Bikini vs Burqa – more American Women have Worn the Latter

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Bikini vs Burqa – more American Women have Worn the Latter

by Nicole Chang
June 4, 2085

A new Gallup poll shows that 15% of American women age 18 to 49 have worn a veil in public. The same fashion poll showed that only 14% of women in the same age range have worn a bikini in public. A veil is defined as a garment covering the hair and lower face, such as a niqab or burqa.


The increase in the percentage of American women who’ve veiled is mainly contributed to conversions to Islam and an increase in immigration from Muslim countries. However, a growing modesty movement among Christians had also contributed to the rise. The Pew Institute estimates that one-quarter to one-third of all American women who veil are Christians or otherwise not Muslims.

“I wear it because I think it’s a good idea,” says Danielle Stonehill, a 24-year old Christian who wears the niqab, once considered an exclusively Muslim garment.

“If you look at the history, you’ll see women covered themselves in Bible. Christian women veiled themselves in the Byzantine Empire before Islam even existed,” she told us.

“I wish modesty had been more important to Christian women throughout history,” she added.

Men seeking to see a woman in a bikini have increasingly been forced to look online. Many states have passed laws either outlawing publicly wearing a bikini or at least severely restricting its use. Television and film portrays have also been curtailed.

A number of municipalities in Utah came together in 2036 to ban girls under the age of 18 from wearing bikinis in public. Several other cities across the country passed similar ordinances throughout the 2030’s and 2040’s.

With the support of evangelical Christian and Islamic groups, Texas expanded the ban and outlawed all women from wearing bikinis in public in 2047. Despite concerns that it could affect tourism, especially in costal cities, it had strong support in Texas’s evangelical community.

“It was a state wide referendum,” Julie Griffin remembers.

“A lot of my friends were against it. They wondered how they would get a tan if they couldn’t wear a bikini to the beach,” she said.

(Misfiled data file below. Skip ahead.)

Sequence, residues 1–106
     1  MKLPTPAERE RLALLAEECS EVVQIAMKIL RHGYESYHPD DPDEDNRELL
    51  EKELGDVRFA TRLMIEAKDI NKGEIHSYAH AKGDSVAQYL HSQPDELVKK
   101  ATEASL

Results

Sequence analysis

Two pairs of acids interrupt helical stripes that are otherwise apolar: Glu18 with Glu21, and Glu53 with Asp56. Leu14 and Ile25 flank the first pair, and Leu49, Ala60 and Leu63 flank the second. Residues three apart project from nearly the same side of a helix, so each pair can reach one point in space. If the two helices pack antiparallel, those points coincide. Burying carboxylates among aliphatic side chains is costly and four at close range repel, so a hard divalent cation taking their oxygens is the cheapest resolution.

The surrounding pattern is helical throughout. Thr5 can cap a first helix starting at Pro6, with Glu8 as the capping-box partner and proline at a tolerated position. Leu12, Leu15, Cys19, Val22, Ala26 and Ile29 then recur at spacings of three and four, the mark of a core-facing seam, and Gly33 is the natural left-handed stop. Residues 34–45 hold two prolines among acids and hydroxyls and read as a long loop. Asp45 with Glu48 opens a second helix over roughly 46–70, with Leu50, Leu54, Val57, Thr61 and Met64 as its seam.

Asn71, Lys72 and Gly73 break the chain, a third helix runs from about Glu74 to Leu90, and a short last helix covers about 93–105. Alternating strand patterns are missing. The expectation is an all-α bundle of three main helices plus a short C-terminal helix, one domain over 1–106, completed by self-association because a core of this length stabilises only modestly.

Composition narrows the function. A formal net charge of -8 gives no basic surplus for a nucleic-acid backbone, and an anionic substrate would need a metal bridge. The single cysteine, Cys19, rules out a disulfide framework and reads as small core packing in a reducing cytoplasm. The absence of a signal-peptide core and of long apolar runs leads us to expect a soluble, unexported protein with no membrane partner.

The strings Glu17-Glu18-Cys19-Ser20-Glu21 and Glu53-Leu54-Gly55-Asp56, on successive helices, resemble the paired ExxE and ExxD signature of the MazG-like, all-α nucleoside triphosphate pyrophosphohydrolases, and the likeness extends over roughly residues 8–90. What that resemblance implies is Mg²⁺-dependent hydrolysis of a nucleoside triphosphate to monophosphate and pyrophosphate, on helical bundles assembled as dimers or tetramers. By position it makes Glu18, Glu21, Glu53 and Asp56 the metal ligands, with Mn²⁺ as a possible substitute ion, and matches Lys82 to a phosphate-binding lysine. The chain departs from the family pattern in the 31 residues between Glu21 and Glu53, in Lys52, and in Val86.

Voters approved the referendum and wearing a bikini in public became illegal in Texas on January 1, 2047. Several other states, especially in the South, approved similar measures. Florida and South Carolina, both heavily dependent on beach-going tourists, defeated attempts to outlaw bikini-wearing in public.

“I don’t personally know anyone who’s worn a veil, but I have seen dozens of veiled women out in public,” Griffin added.

Bikinis also had great trouble in the media as well as beaches. Under pressure from feminist and religious groups, all nationally-televised beauty contests had banned the bikini by 2070.

In 2075, the Federal Communication Commission (FCC) implemented strict new guidelines for media displays of bikini-clad women. It became illegal to show a woman in a bikini before 10pm Eastern Standard Time (EST). Movies showing bikini-clad woman also had to be automatically rated “R.”


In spite of legislation meant to defeat it, the decline of the bikini was still fairly gradual. Similar polls from 2070 showed that 25% of American women had worn a bikini in public, and less than 10% had worn a veil.Rebecca Graywolf was one of those 25%.

“My friends and I would go to the beach and didn’t think anything of being half naked,” she said.

“From what I’ve been able to research, it was really common for young women to wear bikinis in the late twentieth and early twenty-first centuries,” she said.

Graywolf has since conveted to Islam and wears the niqab. She says she has not shown her face in a public location in over five years.

“I really enjoy maintaining my modesty for Allah. I’m glad the bikini is increasingly being thought of as a tool of female oppression from a barbarian time in our history,” she said.

While laws became unfriendly to the once popular American icon, other laws were passed protecting a woman’s right to wear a veil in public. California, Michigan and New York all passed veil defense laws in 2022 and now 38 states have similar laws.

Demographic projections suggest that by the year 2100 one-quarter of American women 18 to 49 will have worn a veil in public. Less than 10% of women will have worn a bikini in public by that time.

Copyright 2085 Rouders


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